DEAG says it has full insurance for Corona cancellations
European promoter DEAG has reassured its investors that it has insurance cover for Coronavirus-related cancellations – including those where local authorities force the closure of its shows.

This puts DEAG, which turns over more than $200m a year, in stark contrast to Austin, Texas-based South By Southwest (SXSW), which confirmed on Friday (March 6) that it had no insurance cover for the cancellation of its 2020 event.

SXSW’s owners admitted that they did not have event insurance for “bacterial infections, communicable diseases, viruses and pandemics”. They also confirmed that, despite the fact SXSW’s closure was triggered by Austin city representatives declaring a “local state of disaster”, this did not affect the event’s non-insured status.

Berlin-headquartered DEAG is currently promoting upcoming shows by the likes of Iron Maiden, Judas Priest, KISS and The Black Crowes.

Today (March 9), publicly-traded DEAG has moved to reinsure its investors following an announcement from Germany’s Federal Minister of Health, Jens Spahn, stating that major events in the market with more than 1,000 participants could be cancelled.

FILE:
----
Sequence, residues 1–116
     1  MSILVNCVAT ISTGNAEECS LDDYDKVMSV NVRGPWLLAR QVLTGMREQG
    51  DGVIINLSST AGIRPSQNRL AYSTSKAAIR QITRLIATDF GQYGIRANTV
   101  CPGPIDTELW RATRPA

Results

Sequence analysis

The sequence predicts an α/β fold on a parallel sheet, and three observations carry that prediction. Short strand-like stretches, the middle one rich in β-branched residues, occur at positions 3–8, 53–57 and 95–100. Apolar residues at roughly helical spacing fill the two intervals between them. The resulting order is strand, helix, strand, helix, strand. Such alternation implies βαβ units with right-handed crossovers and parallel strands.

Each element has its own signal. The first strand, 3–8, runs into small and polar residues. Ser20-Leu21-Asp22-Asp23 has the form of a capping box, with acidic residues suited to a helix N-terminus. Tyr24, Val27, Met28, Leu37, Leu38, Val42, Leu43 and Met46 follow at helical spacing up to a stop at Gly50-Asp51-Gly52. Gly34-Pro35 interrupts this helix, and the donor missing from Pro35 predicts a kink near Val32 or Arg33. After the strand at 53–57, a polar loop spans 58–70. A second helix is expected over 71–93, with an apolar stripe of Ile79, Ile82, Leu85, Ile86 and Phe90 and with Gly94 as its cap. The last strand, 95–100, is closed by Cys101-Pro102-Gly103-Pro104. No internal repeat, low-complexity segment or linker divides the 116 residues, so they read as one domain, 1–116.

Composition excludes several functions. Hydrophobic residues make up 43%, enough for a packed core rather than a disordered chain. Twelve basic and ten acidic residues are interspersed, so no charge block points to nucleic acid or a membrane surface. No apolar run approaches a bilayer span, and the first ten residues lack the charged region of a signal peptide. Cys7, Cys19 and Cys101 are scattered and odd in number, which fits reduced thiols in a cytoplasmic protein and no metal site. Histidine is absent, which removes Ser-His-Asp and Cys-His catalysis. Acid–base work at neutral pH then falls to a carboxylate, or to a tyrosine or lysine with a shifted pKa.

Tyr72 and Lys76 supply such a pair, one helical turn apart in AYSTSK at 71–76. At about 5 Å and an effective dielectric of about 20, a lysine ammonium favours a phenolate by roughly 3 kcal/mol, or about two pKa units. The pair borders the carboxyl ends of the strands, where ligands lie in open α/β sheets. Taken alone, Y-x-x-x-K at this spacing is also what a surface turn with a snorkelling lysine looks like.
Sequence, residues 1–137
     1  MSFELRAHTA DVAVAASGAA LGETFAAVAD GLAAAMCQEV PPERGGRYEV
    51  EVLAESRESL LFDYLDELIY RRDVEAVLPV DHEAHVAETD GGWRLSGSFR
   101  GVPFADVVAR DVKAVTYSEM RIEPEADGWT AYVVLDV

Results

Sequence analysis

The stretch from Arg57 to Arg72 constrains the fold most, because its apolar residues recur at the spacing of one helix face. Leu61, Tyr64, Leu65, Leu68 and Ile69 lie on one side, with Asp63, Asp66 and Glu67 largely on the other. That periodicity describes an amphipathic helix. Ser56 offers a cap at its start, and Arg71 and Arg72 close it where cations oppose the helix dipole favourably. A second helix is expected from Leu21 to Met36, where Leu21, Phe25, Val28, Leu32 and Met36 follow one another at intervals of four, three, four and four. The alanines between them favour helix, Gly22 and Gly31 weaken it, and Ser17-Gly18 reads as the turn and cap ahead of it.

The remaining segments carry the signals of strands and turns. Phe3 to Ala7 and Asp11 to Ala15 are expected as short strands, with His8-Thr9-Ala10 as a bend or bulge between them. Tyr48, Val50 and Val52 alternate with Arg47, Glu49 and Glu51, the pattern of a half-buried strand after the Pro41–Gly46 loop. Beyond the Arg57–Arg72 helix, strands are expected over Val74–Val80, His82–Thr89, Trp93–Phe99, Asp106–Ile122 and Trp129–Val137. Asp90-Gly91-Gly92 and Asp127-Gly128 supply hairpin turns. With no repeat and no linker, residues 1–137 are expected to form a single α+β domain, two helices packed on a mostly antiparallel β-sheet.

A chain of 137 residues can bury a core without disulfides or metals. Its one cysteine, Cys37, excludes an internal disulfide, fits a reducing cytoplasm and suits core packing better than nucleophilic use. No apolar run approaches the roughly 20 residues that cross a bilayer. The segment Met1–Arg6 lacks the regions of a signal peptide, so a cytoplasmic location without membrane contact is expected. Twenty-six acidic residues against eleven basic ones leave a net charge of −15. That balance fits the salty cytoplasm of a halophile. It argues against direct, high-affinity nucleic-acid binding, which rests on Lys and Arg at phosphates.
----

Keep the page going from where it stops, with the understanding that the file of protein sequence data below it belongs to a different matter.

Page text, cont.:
“DEAG is committed to its customers and their health but also to their enthusiasm for the respective events,” it said in a statement. “DEAG sees the final decision on the implementation of events with the responsible authorities and at the same time respects the decision of every visitor to take part in major events.

“For the time being, all events will therefore be carried out according to scheduled dates regardless of the number of participants.”

On the matter of insurance, DEAG added: “Any cancellations of events by a ‘high hand’ (force majeur) will of course be implemented immediately. In this case, DEAG has full insurance coverage. Also events canceled by the authorities due to COVID-19 are insured.”

Showing evidence of Coronavirus-related damage, the stock price of DEAG, which trades on the Frankfurt Stock Exchange, fell 23.0% between the trading close of Friday, February 21 (€6.18) and Friday, March 6 (€4.76).

As well as promoting concerts in multiple regions including Germany, the UK and Switzerland, DEAG owns the MyTicket platform.

Last year the company acquired control in a string of local promoters including C2 Concerts, in which it took a 51% stake.

In response to fears around COVID-19, DEAG further stated today (March 9): “On the basis of the recommendations of the Robert Koch Institute (RKI) and in coordination with the responsible authorities, DEAG will take and implement the necessary precautions for the safe and orderly running of all events.”

DEAG promotes over 4,000 concerts and events a year and currently sells more than 5 million tickets, of which a “steadily increasing share” is sold via MyTicket.